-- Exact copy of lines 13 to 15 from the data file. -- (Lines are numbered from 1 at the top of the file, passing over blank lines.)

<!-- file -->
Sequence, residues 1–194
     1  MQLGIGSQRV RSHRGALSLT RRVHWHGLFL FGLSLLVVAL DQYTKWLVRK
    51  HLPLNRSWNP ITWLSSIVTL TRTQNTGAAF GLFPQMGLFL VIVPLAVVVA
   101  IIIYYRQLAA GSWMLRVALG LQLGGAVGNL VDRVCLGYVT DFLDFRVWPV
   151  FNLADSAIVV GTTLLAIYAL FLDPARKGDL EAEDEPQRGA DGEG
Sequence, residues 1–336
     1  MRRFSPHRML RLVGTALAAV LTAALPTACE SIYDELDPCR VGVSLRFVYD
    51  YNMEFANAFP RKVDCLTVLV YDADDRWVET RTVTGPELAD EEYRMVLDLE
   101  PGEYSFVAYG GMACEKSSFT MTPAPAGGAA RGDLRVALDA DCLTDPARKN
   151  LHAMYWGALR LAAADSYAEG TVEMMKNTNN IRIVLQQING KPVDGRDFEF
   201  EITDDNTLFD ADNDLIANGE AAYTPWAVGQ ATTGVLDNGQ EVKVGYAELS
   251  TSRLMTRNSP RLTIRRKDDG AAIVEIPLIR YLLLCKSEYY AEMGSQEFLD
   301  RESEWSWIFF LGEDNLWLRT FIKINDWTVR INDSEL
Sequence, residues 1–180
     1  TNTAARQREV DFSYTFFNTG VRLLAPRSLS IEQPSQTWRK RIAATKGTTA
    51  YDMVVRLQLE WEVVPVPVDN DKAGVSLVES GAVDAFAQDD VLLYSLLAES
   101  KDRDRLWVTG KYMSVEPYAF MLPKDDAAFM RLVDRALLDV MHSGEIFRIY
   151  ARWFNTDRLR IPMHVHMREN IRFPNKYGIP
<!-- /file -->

   301  RESEWSWIFF LGEDNLWLRT FIKINDWTVR INDSEL
Sequence, residues 1–180
     1  TNTAARQREV DFSYTFFNTG VRLLAPRSLS IEQPSQTWRK RIAATKGTTA